CLSI. Performance standards for antimicrobial susceptibility testing; Twenty-Second Informational Supplements. CLSI Document M100-S24. Wayne: Clinical and Laboratory Standards Institute; 2014.
Mama M, Alemu G. Prevalence and factors associated with intestinal parasitic infections among food handlers of Southern Ethiopia: cross sectional study. BMC Public Health. 2016;16:105.
Abera B, Biadegelgen F, Bezabih B. Prevalence of Salmonella typhi and intestinal parasites among food handlers in Bahir Dar Town, Northwest Ethiopia. Ethiop J Health Dev. 2010;24(1):46–50.
Ifeadike C, Ironkwe O, Adogu P, et al. Prevalence and pattern of bacteria and intestinal parasites among food handlers in the Federal Capital Territory of Nigeria. Niger Med J. 2012;53(3):166.
Aklilu A, Kahase D, Dessalegn M, et al. Prevalence of intestinal parasites, Salmonella and Shigella among apparently health food handlers of Addis Ababa University student’s cafeteria, Addis Ababa, Ethiopia. BMC Res Notes. 2015;8:17.
Gezehegn D, Abay M, Tetemke D, Zelalem H, Teklay H, Baraki Z, Medhin G. Prevalence and factors associated with intestinal parasites among food handlers of food and drinking establishments in Aksum Town, Northern Ethiopia. BMC Public Health. 2017;17:819.
Ashour N, Hassan I. Occurrence of intestinal parasites and hygiene characters among food handlers in Gaza Strip, Palestine. Ann Alquds Med. 2012;8:2–13.
Simsek Z, Koruk I, Copur AC, Gürses G. Prevalence of Staphylococcus aureus and intestinal parasites among food handlers in Sanliurfa, Southeastern Anatolia. J Public Health Manag Pract. 2009;15:518–23.
Mobolaji OA, Olubunm OF. Assessment of the hygienic practices and the incidence of enteric bacteria in food handlers in small businesses in an urban area in Abeokuta. Int J Microbiol Res. 2014;5(3):41–9.
Teklemarium S, Roma B, Sorsa S, Worku S, Erosie L. Assessment of sanitary and hygienic status of catering establishments of Awassa town. Ethiop J Health Dev. 2000;14(1):91–8.
Sahlemariam Z, Mekete G. Examination of finger nail contents and stool for ova, cyst and larva of intestinal parasites from food handlers working in student cafeterias in three higher institutions in Jimma. Ethiop J Health Sci. 2001;11(2):131–7.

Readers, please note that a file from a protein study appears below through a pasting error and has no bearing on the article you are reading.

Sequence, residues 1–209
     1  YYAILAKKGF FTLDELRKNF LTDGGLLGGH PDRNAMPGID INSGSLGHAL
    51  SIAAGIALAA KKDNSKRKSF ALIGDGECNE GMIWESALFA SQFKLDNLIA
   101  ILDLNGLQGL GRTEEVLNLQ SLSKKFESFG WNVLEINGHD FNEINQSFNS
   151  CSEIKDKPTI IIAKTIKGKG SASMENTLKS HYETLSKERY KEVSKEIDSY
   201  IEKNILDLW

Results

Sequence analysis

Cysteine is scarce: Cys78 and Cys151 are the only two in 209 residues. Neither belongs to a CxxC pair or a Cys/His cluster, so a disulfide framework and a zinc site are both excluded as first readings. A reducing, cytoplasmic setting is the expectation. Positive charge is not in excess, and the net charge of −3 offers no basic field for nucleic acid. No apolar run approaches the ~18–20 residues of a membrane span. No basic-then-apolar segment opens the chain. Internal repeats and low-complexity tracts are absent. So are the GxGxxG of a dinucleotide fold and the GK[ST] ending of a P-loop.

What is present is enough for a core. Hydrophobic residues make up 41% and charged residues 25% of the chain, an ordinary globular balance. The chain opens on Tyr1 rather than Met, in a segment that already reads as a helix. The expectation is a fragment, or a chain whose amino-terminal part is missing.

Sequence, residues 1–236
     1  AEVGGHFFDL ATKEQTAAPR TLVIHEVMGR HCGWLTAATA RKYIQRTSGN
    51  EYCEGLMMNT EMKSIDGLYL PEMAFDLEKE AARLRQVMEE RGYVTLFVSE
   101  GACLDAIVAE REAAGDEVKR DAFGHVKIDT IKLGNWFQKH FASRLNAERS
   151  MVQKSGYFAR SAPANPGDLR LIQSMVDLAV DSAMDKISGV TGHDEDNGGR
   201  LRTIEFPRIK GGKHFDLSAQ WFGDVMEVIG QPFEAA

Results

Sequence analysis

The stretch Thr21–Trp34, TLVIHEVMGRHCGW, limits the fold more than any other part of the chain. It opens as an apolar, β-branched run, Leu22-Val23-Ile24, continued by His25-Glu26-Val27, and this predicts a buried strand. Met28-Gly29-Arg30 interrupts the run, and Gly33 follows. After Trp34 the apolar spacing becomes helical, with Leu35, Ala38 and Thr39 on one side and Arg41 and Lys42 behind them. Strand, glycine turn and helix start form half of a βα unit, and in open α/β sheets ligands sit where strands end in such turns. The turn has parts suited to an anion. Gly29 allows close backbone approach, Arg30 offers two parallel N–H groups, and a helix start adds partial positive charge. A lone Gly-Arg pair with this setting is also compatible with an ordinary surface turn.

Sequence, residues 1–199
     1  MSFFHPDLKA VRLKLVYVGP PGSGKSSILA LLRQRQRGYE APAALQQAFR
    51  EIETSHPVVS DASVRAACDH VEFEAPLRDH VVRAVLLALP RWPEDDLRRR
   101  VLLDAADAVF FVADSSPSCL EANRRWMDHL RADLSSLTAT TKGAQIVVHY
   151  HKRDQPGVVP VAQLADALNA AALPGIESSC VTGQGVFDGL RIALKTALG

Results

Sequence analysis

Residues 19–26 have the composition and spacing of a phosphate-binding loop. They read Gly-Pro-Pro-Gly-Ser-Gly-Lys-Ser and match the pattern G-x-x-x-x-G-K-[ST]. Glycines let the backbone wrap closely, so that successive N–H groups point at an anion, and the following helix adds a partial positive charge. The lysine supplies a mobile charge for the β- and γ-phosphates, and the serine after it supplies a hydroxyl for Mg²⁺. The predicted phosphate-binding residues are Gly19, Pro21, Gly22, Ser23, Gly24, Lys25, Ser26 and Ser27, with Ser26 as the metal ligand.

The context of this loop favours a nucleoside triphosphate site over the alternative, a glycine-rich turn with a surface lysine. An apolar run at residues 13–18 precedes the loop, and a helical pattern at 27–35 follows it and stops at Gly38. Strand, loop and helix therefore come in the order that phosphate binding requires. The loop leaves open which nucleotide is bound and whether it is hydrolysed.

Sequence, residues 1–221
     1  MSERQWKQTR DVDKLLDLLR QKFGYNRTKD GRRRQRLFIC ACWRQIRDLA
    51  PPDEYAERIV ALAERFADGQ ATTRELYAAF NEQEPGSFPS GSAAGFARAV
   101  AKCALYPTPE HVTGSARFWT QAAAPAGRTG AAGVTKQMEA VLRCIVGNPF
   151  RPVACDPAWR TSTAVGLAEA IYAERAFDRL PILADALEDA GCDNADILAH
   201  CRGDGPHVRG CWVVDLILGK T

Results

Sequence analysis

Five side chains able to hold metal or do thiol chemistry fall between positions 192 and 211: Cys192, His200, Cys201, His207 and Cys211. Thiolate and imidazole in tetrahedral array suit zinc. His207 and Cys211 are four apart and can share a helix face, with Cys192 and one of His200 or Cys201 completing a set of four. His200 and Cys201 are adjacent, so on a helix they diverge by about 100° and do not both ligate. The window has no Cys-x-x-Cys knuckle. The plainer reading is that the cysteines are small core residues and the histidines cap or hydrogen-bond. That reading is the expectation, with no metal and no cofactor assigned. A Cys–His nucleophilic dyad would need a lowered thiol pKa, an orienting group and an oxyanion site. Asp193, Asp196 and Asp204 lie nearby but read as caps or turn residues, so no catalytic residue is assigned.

Mama M, Getaneh G. Prevalence, antimicrobial susceptibility patterns and associated risk factors of Shigella and Salmonella among food handlers in Arba Minch University, South Ethiopia. BMC Infect Dis. 2016;16:686.
Marami D, Hailu K, Tolera M. Prevalence and antimicrobial susceptibility pattern of Salmonella and Shigella species among asymptomatic food handlers working in Haramaya University cafeterias, Eastern Ethiopia. BMC Res Notes. 2018;11(1):74.
Addis Z, Kebede K, Sisay Z, Alemayehu H, Yirsaw A, Kassa T. Prevalence and antimicrobial resistance of Salmonella isolated from lactating cows and in contact humans in dairy farms of Addis Ababa: a cross sectional study. BMC Infect Dis. 2011;11:1–7.
David OM, Oluyege AO. Antibiotic resistance and plasmid carriage among Salmonella typhi isolated from food and hands of food handlers in a Nigeria University. Int J Curr Microbiol App Sci. 2015;4(3):906–14.
Tadesse G, Gebremedhin EZ. Prevalence of Salmonella in raw animal products in Ethiopia: a meta-analysis. BMC Res Notes. 2015;8:163.
Asrat D, David OM, Oluyege AO. Shigella and Salmonella serogroups and their antibiotic susceptibility patterns in Ethiopia. East Mediterr Health J. 2008;14:760–7.
Tadesse G. Prevalence of human Salmonellosis in Ethiopia: a systematic review and meta-analysis. BMC Infect Dis. 2014;14:88.
Gebre-Yohannes A. Salmonella from Ethiopia: prevalent species and their susceptibility to drugs. Ethiop Med J. 1985;23:97–102.
Gedebou M, Tassew A. Antimicrobial resistance and risk factor of Salmonella isolates from Addis Ababa. Ethiop Med J. 1981;19:77–85.
Mache A. Salmonella serogroup and their antibiotic resistance patterns isolated from diarrhoeal stools of pediatric out patients in Jimma Hospital and Jimma Health Center, South West Ethiopia. Ethiop J Health Sci. 2002;37:37–45.
Mache A, Mengistu Y, Cowley S. Salmonella serogroups identified from adult diarrhoeal out-patients in Addis Ababa, Ethiopia: antibiotic resistance and plasmid profile analysis. East Afr Med J. 1997;74:183–6.
Beyene G. Phenotypic and molecular characterizations of Salmonella species in Ethiopia. AAU electronic library. PHD thesis. 2008.